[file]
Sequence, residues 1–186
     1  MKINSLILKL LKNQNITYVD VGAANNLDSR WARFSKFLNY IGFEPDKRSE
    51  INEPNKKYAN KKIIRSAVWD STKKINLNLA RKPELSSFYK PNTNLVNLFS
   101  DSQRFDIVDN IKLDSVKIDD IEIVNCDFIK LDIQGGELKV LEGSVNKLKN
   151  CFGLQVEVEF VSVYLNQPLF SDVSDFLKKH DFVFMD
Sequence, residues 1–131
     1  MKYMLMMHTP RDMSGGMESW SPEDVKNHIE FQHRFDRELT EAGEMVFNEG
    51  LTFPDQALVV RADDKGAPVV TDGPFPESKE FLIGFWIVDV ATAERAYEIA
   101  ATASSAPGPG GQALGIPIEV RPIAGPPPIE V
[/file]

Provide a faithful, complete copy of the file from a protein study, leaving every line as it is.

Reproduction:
Sequence, residues 1–186
     1  MKINSLILKL LKNQNITYVD VGAANNLDSR WARFSKFLNY IGFEPDKRSE
    51  INEPNKKYAN KKIIRSAVWD STKKINLNLA RKPELSSFYK PNTNLVNLFS
   101  DSQRFDIVDN IKLDSVKIDD IEIVNCDFIK LDIQGGELKV LEGSVNKLKN
   151  CFGLQVEVEF VSVYLNQPLF SDVSDFLKKH DFVFMD
Sequence, residues 1–131
     1  MKYMLMMHTP RDMSGGMESW SPEDVKNHIE FQHRFDRELT EAGEMVFNEG
    51  LTFPDQALVV RADDKGAPVV TDGPFPESKE FLIGFWIVDV ATAERAYEIA
   101  ATASSAPGPG GQALGIPIEV RPIAGPPPIE V